The on-the-ground surveillance work was part of an intelligence-gathering push mobilized after the discovery of the suspicious complex in August that involved virtually every category of collection in the U.S. arsenal, ranging from satellite imagery to eavesdropping efforts aimed at recording voices inside the compound.
The effort was so extensive and costly that the CIA went to Congress in December to secure authority to reallocate tens of millions of dollars within assorted agency budgets to fund it, U.S. officials said.
Most of that surveillance capability remained in place until the execution of the raid by U.S. Navy SEALs shortly after 1 a.m. in Pakistan. The agency’s safe house did not play a role in the raid and has since been shut down, in part because of concerns about the safety of CIA assets in the aftermath, but also because the agency’s work was considered finished.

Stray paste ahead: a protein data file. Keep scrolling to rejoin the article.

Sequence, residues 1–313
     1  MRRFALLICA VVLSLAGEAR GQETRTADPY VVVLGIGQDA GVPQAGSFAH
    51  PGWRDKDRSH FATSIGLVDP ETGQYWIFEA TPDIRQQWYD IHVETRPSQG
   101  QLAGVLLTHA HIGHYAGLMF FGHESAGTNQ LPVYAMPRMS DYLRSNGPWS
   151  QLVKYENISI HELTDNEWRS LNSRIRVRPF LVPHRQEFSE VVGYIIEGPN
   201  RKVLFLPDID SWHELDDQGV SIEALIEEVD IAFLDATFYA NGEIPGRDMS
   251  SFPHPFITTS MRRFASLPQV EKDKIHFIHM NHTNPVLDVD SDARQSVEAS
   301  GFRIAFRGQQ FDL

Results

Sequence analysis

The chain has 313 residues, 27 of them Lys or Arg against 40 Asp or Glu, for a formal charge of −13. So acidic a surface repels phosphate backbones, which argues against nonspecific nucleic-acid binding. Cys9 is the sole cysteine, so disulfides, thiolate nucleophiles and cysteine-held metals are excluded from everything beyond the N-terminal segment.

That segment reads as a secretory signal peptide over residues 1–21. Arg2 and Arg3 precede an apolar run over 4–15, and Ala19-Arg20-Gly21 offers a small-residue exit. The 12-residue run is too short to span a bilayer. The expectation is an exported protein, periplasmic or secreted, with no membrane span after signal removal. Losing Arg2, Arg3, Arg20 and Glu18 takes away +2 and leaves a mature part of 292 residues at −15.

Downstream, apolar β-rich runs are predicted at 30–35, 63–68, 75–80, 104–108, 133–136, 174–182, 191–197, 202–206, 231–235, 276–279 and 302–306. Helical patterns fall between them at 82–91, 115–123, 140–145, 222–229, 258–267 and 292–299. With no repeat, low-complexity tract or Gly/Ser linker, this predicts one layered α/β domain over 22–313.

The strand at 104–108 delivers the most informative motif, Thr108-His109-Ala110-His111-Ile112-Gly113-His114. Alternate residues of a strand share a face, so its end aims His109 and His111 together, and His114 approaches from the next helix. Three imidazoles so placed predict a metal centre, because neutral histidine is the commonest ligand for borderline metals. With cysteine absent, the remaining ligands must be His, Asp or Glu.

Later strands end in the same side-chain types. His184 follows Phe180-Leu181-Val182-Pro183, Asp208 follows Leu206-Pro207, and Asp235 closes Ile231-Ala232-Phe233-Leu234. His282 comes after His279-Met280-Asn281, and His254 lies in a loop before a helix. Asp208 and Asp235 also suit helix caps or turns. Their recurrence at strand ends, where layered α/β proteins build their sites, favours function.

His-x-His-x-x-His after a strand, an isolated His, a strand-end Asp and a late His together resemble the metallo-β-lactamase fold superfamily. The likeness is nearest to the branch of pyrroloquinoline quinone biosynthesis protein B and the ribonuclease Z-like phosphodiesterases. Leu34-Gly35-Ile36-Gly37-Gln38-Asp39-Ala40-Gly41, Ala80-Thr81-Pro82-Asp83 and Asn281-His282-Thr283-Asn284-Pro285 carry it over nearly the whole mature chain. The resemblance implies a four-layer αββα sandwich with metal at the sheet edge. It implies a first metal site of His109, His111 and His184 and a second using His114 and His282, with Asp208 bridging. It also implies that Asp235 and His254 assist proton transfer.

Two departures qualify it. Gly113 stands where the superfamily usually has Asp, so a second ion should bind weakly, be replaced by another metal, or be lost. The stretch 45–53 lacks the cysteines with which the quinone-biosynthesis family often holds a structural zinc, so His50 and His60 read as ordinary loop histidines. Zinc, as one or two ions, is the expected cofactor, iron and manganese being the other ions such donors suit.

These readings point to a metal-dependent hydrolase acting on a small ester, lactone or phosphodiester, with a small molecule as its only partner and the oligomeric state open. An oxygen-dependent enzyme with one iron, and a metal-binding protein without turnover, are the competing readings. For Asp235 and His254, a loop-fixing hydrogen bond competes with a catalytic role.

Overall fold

“The CIA’s job was to find and fix,” said a U.S. official, using Special Operations forces terminology for the identification and location of a high-value target. “The intelligence work was as complete as it was going to be, and it was the military’s turn to finish the target.”
The official, like others quoted for this article, spoke on the condition of anonymity because they were not authorized to speak for the record. The CIA declined to comment.
U.S. officials provided new details on bin Laden’s final moments, saying the al-Qaeda leader was first spotted by U.S. forces in the doorway of his room on the compound’s third floor. Bin Laden then turned and retreated into the room before being shot twice — in the head and in the chest. U.S. commandos later found an AK-47 and a pistol in the room.
“He was retreating,” a move that was regarded as resistance, a U.S. official briefed on the operation said. “You don’t know why he’s retreating, what he’s doing when he goes back in there. Is he getting a weapon? Does he have a [suicide] vest?”
Despite what officials described as an extraordinarily concentrated collection effort leading up to the operation, no U.S. spy agency was ever able to capture a photograph of bin Laden at the compound before the raid or a recording of the voice of the mysterious male figure whose family occupied the structure’s top two floors.
Indeed, current and former U.S. intelligence officials said bin Laden employed remarkable discipline in his efforts to evade detection.